Better than Shakespeare: 5 Tips from the Best Writers

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Guest Author: John McLean

Some students try really hard, but others don’t even bother making an attempt at writing before they decide to order papers from This is an academic writing service that helps students with these tasks, and it’s seeing constant growth in its base of customers. Why does this happen? Why do students have so many troubles with writing?

Maybe it’s because they don’t know how to approach the whole process. Teachers have strict curriculums to follow. They have lessons to cover and projects to assign, so there’s rarely time to guide the students through the entire process of writing.

When a student fails in their first attempt to write a masterful essay, they wrongfully assume they lack skills. They are in the so-called fixed mindset, which convinces them that they have to be born with a skill if they want to get good at something. The opposite of that state is the growth mindset, which pushes us to learn and constantly get better at something. That’s what students should strive for: getting better.

So how can you get there? How can you become better at writing, regardless of the point you’re currently at? Well, the best way to learn is to learn from the best. Maybe you can be the next Shakespeare; you just need the right approach. These 5 tips from the best writers might help:

1. First, You Have to Read

“Read a lot. Reading really helps. Read anything you can get your hands on.” Those are JK Rowling’s words. She makes an important point there.

If you don’t know what good writing is, you can’t hope to write well. If you don’t read, you can’t know what good writing is. If we follow the laws of logic, reading a lot naturally leads to better written expression.

So if you’re trying to get better at writing essays, read more essays. Read the best essays ever written. If you’re aiming higher and you want to write a novel, read plenty of novels before you’re ready to start working on your first draft.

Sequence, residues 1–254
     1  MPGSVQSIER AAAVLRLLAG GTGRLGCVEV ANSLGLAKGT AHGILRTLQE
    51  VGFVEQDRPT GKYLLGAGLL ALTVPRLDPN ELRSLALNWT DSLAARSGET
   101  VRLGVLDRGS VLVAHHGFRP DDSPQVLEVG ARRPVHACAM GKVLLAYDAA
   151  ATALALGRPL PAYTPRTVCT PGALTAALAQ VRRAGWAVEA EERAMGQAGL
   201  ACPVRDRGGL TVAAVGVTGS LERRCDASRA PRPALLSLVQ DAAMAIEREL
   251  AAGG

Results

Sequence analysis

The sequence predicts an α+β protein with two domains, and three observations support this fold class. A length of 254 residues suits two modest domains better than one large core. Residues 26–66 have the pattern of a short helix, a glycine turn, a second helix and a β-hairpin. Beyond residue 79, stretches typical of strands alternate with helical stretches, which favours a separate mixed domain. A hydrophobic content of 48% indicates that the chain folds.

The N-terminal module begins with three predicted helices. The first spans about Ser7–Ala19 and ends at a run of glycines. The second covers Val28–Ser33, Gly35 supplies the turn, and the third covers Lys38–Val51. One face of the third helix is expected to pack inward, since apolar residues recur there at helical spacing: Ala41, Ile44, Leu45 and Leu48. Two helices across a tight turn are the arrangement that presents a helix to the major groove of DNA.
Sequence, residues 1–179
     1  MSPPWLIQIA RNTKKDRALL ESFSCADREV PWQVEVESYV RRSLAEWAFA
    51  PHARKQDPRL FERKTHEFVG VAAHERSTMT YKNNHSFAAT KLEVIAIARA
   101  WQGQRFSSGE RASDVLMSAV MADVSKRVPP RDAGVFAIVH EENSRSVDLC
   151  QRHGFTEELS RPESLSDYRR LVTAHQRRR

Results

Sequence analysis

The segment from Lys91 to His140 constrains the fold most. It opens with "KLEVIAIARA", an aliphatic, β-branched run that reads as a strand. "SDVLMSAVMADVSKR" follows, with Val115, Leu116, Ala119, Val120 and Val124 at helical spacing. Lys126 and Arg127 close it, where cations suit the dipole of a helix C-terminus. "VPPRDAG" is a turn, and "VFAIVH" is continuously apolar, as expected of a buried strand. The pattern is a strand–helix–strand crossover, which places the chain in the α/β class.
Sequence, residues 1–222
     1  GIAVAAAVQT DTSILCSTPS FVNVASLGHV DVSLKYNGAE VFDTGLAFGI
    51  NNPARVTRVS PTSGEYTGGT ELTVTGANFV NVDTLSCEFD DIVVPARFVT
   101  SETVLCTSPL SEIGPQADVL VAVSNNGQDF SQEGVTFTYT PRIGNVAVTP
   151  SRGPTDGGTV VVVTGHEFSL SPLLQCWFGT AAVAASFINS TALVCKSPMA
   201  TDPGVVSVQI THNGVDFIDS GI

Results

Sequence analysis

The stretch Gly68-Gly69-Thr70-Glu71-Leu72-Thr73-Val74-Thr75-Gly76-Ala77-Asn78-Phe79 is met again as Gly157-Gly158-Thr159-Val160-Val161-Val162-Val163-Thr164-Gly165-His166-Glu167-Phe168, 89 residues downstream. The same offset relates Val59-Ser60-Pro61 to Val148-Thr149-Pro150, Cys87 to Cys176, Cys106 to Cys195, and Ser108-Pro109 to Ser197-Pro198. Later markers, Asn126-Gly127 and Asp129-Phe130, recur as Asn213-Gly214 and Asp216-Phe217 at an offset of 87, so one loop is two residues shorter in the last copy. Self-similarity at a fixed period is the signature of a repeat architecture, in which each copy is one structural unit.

2. Encourage Introspective Reading

“Every reader, as he reads, is actually the reader of himself. The writer’s work is only a kind of optical instrument he provides the reader so he can discern what he might never have seen in himself without this book. The reader’s recognition in himself of what the book says is the proof of the book’s truth.” – Marcel Proust

That’s one of the most important lessons on writing that you’ll ever get. A great writer does not draw definite conclusions. They ask questions, they expose realistic situations, and they allow the reader to do the thinking for themselves.

The value of a great book is in the introspection it triggers. That’s what made Proust, Dostoevsky, Hemingway, and other big names so great.

3. You Can Always Get Better!

“We know what we are, but know not what we may be.”

That’s a quote from Shakespeare’s Hamlet and we’ll totally get it out of context, but it serves to make a point. You can never know what you’ll achieve unless you try. It doesn’t matter how good you are at this point. It doesn’t matter how bad you were at writing in the past. You can never know how far you can get unless you make an effort and push yourself forward.

So keep practicing. Keep writing. The one thing that you do know is that practice makes you better.

4. The Best Writers Write what Society Doesn’t Want to See

The best writers are the best critics of society. It was the case with Tolstoy, Orwell, Kundera, Rushdie, and all other great names in literature.

When you’re trying to become a better writer, you should stop trying to write something that the audience would love to read. You must write something that would open people’s eyes and make them see the harsh reality of society and culture. It’s okay to make people uncomfortable with what you write. In fact, great writers always achieve that effect.

5. It’s a Matter of Routine

“Amateurs sit and wait for inspiration, the rest of us just get up and go to work.” – Stephen King.

When you think you’re not inspired enough to write, just go ahead and write nevertheless. Masterful writers don’t just wait for inspiration to strike them. They search for it. They do their best to learn new things and observe the world around them, but most of all – they write.

Routine has a powerful effect. When you start writing for a precise period of time every single day, you turn this activity into a habit. You train your mind to be obedient, and you stop perceiving writing as a burdening process. When you get to such a point, you can already say that you’re a better writer than you used to be.

It’s not easy to become a great writer. It may seem like too much work at the beginning, but the effect is always worth the attempt. Great writing skills are needed not only for those who want to become published authors, but for everyone else, too. With proper writing, you can make progress in any career. Should we even mention how important these skills are for academic success?

So write! Practice. Do it more, and you’ll eventually start doing it well.


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